Politicians and the fish farming industry are acting to abate concerns following eating health experts’ warning over Norwegian farmed salmon toxicity levels.
“I don’t recommend pregnant women, children, or young people eat farmed salmon. There is too much uncertainty regarding the amount of toxins salmon contains and how these affect children, adolescents and pregnant women,” Anne-Lise Bjørke Monsen, specialist at Bergen’s Haukeland University Hospital told VG in article including chief physician Bjørn Bolann
Ms Bjørke Monsen referred to the presence of Persistant Organic Pollutants (POPs) accumulating in the fat-rich fish. Included in this group is PCBs (polychlorinated biphenyls) and DDT (dichlorodiphenyltrichloroethane).
PCBs were previously a concern regarding fridges and aerosols, DDT – whilst also found in aerosols in the past – was used as a pesticide too. The use of both substances, found to affect polar bears in the Arctic – which also eat wild salmon – are banned in many parts of the world.
At the same time, the disposed products containing them have ended up on landfills and rubbish dumps. Rubbish burning is one method that releases them into the environment.
POPs affect bone density, and the Bergen hospital’s Ms Bjørke Monsen warned of their effect in humans, Monday. POPs build up in animals’, fat-rich fish’, and humans’ fatty tissue.
“These types of contaminants that have been detected in farmed salmon have a negative effect on brain development and are associated with autism, ADHD (Attention Deficit Hyperactivity Disorder) and reduced IQ. We also know that they can affect other organ systems in the body such as the immune system and metabolism,” she declared.
Talking of the fatty tissue build-up, the expert added that “a lot of fat is mobilised when you are pregnant and starting to breastfeed that results in the toxins being transmitted to the child.”
“Farmed salmon contains POPs like any other fatty fish,” Lars Fredrik Martinussen, press spokesperson at the Norwegian Seafood Council tells The Foreigner.
“The important thing is to observe the limits set by Norwegian and international food safety authorities. These are set to make sure we are not exposed to any harmful levels of POPs. Norway has a monitoring system to make sure we don’t exceed these limits, and is in fact well below them.”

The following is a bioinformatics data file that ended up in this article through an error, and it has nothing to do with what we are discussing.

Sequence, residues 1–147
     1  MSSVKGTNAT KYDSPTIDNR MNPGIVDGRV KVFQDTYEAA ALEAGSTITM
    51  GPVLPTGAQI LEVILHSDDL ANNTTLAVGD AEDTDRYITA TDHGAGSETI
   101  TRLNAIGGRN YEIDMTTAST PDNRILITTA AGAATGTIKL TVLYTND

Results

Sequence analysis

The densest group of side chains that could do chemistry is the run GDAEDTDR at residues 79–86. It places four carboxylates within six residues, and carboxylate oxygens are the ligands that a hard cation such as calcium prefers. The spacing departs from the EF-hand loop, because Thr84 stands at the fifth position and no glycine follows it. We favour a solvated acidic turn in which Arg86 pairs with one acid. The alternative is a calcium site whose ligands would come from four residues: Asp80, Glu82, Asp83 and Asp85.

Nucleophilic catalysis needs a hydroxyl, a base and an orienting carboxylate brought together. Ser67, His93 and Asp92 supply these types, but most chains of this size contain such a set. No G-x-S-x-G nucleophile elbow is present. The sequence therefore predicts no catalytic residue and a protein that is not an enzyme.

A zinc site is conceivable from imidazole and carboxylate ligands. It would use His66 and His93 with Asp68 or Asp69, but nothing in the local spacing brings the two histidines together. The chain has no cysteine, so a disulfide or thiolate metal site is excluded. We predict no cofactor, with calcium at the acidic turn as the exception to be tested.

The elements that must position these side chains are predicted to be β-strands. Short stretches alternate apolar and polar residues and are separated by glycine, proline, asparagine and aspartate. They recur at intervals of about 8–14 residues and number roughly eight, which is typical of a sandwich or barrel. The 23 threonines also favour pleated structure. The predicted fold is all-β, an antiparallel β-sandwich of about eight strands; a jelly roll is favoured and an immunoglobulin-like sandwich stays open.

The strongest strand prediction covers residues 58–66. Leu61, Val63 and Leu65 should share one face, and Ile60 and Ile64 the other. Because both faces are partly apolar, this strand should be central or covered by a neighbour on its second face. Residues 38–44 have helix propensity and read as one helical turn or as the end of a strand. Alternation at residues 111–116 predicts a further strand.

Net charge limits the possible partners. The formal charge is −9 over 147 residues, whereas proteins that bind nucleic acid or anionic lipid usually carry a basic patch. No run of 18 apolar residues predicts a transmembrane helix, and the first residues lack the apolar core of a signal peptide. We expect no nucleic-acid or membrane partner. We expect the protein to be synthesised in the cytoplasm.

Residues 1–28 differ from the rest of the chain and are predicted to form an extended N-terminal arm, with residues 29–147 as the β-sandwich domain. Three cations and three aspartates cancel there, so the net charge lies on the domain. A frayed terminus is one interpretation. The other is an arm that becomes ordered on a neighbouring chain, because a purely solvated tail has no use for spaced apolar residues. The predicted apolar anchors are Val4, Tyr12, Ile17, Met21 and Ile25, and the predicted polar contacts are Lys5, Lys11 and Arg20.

In a statement, the Council declares that several of Norway’s food safety bodies quite clearly state that farmed salmon is safe as a food.
“The Directorate of Health also recommends eating more fish, preferably two to three days per week and often also as toppings. This advice applies to everyone, including children, adolescents and pregnant women.”
Minister of Fisheries and Coastal Affairs Lisbeth Berg-Hansen repeats health authorities’ advice to eat more fish.
Explaining “I’ve been aware that all fish contain contaminants, but farmed and wild fish are alike in this way” she declares she trusts the experts’ professional assessment skills.
Food fed to farmed fish comes from wild fish, which contain POPs.
“That’s why farmed salmon is just as healthy and as safe to eat as other wild fatty fish,” says the Minister.
Others are not as equally calm about the matter.
“Lisbeth Berg-Hansen is a partner in the Sinkaberg-Hansen fish farming company and has zero credibility in a debate regarding aquaculture,” environmental activist Kurt Oddekalv says to NTB.
He and his organisation the Green Warriors of Norway have been criticising the fish farming industry for years on several counts, including using of hazardous substances in the fish feed and sea pollution.
“I’m not surprised by what has appeared in VG, this is something we’ve been saying for a long time,” Mr Oddekalv declares.
“I want to know what she [Lisbeth Berg-Hansen] can do to reassure Norwegian consumers and the surrounding world that Norwegian farmed salmon is a healthy and clean product. That's what we've been hearing from researchers for many years,” demands Svein Flåtten MP, business policy spokesperson for the Conservative Party (H).
And while Progress’ (FrP) Harald Nesvik lends the Minister his support, Haukeland University Hopsital personnel says experts’ Anne-Lise Bjørke Monsen and Bjørn Bolann opinions are their own.
“There are differing opinions in the research environment within the nutrition field around the world, and it is important that different stances arise and become part of an ongoing debate. Haukeland University Hospital wishes to emphasise that the hospital has not drawn up our own nutritional advice, but relates to the current official national nutrition guidelines,” they say in a statement.
According to the press office earlier today, both experts are currently in the US contacting them has been unsuccessful when asked by the Norwegian media.
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